Student Prerequisites
Some basic introduction to the protein synthesis process (see Secret Codes lesson).

6. Protein Factory - Getting Ready

Getting Ready

  1. If not already assembled, put together a DNA model 60 base pairs long. Check to make sure that none of the stop codons (UAG, UAA and UGA) would be part of the messenger RNA coded by the sequence. Flipping the DNA molecule over or adding 1 or 2 extra bases on one end of the DNA sequence may solve the problem.
  2. To one end of the DNA model, add the following sequence (this is your promotor sequence to start transcription and your AUG start sequence to start translation):
    T A T A A A C T T A C x x x ...
    A T A T T T G A A T G x x x
  3. To the opposite end of the DNA model, add the following sequence (this is your stop codon).
    ... X X X A T C
        X X X T A G
  4. Optional: work out for yourself what the sequence of amino acids would be for the DNA molecule you have. You want to check to make sure that there are no stop codons (UAG, UAA and UGA) within the messenger RNA.
  5. Make photocopies of the Factory Instructions handout. Follow the detailed directions at the top of the page.
  6. If not already given to students, make photocopies of the Genetic Code handout.
  7. Make photocopies of the puzzle pieces, each on a different colored paper.
  8. Have students cut out 1 or 2 sheets of puzzle pieces per person, possibly as homework the night before the activity.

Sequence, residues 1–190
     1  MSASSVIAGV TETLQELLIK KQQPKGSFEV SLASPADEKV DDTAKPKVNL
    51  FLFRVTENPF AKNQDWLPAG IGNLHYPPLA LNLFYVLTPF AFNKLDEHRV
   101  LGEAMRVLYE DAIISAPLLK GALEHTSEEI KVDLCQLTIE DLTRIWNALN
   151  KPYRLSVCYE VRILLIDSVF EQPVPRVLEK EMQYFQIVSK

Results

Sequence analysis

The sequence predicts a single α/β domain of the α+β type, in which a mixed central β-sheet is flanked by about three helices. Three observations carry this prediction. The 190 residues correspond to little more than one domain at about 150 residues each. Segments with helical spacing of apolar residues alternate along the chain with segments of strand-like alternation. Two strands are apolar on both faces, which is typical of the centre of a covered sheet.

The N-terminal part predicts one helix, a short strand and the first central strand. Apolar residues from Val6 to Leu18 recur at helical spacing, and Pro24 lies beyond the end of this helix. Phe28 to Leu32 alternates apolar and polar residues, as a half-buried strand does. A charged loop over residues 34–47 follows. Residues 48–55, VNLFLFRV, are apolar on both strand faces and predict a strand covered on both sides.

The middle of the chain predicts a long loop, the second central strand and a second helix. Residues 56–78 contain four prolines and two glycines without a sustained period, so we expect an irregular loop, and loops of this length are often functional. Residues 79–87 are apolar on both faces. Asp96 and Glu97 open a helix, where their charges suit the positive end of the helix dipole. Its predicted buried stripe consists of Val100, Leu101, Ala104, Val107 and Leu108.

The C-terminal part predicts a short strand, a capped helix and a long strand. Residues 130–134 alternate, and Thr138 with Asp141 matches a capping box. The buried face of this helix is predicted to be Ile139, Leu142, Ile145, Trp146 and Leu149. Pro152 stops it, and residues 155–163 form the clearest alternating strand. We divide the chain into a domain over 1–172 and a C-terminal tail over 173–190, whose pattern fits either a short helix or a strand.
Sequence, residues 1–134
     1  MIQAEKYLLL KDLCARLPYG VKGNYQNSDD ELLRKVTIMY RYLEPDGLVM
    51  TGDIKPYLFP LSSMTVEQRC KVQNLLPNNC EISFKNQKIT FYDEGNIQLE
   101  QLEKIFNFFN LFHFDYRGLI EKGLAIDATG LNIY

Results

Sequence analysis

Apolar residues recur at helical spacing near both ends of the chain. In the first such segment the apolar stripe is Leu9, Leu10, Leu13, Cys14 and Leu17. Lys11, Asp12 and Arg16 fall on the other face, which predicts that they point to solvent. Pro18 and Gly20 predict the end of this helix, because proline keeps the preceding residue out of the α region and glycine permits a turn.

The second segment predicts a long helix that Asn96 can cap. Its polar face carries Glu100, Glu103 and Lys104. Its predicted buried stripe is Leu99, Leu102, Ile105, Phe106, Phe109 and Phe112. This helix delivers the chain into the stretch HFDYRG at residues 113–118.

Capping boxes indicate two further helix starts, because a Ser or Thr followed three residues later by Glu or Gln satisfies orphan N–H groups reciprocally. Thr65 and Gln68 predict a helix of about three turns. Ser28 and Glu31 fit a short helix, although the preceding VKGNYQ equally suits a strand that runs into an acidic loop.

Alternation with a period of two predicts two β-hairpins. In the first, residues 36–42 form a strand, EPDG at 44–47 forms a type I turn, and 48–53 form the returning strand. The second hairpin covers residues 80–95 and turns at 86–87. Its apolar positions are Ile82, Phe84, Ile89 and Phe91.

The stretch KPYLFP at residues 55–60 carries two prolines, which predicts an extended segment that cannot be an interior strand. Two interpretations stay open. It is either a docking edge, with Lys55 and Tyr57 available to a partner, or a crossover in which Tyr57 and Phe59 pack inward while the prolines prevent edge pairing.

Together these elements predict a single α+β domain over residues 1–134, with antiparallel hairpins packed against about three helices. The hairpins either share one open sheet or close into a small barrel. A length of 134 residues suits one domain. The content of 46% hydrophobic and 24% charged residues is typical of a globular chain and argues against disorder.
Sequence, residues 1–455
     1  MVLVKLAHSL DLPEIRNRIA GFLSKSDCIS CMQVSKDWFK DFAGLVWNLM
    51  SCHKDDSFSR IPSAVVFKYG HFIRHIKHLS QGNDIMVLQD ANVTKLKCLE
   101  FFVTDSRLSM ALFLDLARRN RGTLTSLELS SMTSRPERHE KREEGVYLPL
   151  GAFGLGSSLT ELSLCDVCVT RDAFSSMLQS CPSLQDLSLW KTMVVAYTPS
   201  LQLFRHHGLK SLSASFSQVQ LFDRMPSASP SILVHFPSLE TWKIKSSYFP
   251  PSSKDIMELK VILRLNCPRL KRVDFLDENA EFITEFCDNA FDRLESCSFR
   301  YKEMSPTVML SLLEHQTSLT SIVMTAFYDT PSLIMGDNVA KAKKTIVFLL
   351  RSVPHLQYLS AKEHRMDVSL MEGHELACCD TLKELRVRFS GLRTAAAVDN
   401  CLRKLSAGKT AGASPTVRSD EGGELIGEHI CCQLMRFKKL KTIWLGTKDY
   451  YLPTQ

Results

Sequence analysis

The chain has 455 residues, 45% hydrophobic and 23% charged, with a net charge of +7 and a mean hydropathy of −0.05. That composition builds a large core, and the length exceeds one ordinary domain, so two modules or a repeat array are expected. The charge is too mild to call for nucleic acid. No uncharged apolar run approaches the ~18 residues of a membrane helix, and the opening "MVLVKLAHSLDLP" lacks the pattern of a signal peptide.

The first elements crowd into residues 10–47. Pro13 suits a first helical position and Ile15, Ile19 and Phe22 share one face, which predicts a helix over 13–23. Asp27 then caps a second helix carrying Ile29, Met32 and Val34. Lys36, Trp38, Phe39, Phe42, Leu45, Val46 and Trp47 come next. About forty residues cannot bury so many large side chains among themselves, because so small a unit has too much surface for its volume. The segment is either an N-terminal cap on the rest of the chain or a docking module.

9. Place S-ribose, P and half of the A, C, G, and U pieces in one bin for the students playing the role of messenger RNA.
  10. Place amino acid, transfer RNA and the remaining half of the A, C, G, and U pieces in several other bins (4-5 bins total for 20 students to share) for the students playing the role of transfer RNA.
  11. Designate one area of the classroom as the nucleus with the other areas as the cytosol.

6. Protein Factory - Lesson Plan

Lesson Plan

  1. Begin class with a secret DNA message for the students to decode (see assessment section of the Secret Codes lesson).
  2. Review the steps of the protein synthesis process: 1) DNA is transcribed into messenger RNA and 2) the RNA is translated into a sequence of amino acids based on 3 nucleotide codons.
  3. Give students more detailed background information on how the protein synthesis process works. Discuss the role of RNA polymerase and the ribosome. Describe how RNA polymerase recognizes where to start transcribing the gene (a promotor sequence) and how the ribosome knows where to start (AUG) and stop (UAG, UAA, or UGA) translating the messenger RNA.
  4. Give students an overview of the rest of the class period. Show students where the nucleus is and where the cytosol is.
  5. Assign students their roles. Each student should get an instruction card and the materials listed on their instruction card.
  6. Allow students performing the role of the messenger RNA to create RNA nucleotides. Allow students performing the role of the transfer RNA a few minutes to assemble their transfer RNA molecules.
  7. Restore silence to the classroom and begin the process. Have all the students watch as the process unfolds. You may want to describe what is going on at each step for the students that aren’t involved directly. Briefly: